Kelly Hoey, the co-founder and managing director of Women Innovate Mobile, a New York City-based mentorship-driven business accelerator that aims to help with early-stage investment in mobile-first female-led startup ventures, told eWEEK that Google's involvement in the program makes sense because the global expansion of entrepreneurship is important for Google and its future.
At the same time, though, providing money for such projects isn't the whole answer to the large gender inequity seen in the world of business and startups, said Hoey.
"Doing something is better than doing nothing," she said. "Money helps."
But it's also about contacts, introductions and the business networks that have to be built, grown and encouraged to change perceptions and help more women become successful entrepreneurs, said Hoey. "To encourage women to get into technology, money is nice, but what about the networks and the relationships and the trust?" she said.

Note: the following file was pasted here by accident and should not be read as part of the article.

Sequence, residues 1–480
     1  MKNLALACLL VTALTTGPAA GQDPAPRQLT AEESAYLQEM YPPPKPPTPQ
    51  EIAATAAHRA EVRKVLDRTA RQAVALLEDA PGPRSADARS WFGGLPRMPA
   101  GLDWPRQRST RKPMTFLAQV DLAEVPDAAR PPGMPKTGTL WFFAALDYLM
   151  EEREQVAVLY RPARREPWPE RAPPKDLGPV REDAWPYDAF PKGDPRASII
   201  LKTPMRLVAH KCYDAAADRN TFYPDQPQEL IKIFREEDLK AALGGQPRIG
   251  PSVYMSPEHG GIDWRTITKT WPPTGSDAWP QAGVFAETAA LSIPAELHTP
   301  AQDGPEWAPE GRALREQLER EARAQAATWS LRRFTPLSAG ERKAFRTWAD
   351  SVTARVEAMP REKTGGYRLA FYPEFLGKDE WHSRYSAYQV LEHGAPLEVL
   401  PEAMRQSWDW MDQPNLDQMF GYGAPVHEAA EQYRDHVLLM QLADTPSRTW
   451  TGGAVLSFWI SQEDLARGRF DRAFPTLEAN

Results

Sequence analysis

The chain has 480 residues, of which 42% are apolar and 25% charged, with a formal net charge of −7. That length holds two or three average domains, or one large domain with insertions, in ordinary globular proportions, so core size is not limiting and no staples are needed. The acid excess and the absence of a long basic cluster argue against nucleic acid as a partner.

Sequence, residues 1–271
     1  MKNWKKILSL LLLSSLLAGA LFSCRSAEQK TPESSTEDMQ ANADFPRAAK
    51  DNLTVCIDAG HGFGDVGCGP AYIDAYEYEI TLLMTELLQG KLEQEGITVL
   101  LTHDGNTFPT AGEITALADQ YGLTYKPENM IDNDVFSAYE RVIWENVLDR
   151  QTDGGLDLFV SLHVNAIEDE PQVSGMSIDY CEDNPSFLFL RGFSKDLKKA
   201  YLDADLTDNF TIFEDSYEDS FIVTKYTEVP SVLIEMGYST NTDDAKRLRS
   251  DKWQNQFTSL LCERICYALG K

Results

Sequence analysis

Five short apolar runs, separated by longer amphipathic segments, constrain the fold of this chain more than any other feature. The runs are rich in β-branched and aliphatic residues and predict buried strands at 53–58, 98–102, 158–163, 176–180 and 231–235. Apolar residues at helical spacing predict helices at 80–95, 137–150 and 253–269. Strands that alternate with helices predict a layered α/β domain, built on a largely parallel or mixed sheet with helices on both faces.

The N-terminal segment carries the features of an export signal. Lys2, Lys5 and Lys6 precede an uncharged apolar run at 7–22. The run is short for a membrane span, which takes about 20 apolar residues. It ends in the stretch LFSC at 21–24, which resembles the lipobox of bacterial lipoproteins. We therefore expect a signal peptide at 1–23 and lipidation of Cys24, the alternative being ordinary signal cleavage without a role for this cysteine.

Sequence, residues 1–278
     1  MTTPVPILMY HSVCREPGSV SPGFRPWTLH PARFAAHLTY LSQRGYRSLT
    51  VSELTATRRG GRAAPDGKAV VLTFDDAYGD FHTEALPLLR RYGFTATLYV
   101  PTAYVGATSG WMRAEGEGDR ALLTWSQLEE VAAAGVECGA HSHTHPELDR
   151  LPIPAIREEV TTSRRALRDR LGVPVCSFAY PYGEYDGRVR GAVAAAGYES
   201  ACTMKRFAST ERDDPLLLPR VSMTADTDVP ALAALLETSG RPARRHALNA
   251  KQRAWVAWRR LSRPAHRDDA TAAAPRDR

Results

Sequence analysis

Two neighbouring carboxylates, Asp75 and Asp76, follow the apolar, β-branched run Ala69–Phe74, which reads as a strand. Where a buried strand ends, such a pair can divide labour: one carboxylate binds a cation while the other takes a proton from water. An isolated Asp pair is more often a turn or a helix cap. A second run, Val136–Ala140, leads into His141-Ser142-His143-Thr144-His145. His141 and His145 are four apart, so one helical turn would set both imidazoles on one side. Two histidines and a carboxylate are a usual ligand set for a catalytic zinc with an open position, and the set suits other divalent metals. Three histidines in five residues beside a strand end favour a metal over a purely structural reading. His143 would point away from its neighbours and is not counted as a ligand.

With Google's involvement, those kinds of assistance and resources certainly could also follow, she said.
"It's really great to have a new incubator program, a new accelerator, but then what?" asked Hoey. "It's just one piece, and it's great, but other people shouldn't step back and think, 'Oh, good, Google got it done.' There's more to be done. We need women to be more successful and, yes, we need programs like this from Google and others."
What would be great is for young girls today to see more female role models in business who have the same larger-than-life reputations as the late Steve Jobs of Apple, said Hoey. "We need to see role models and highlight them. We need to show who these people are and really celebrate what they've done."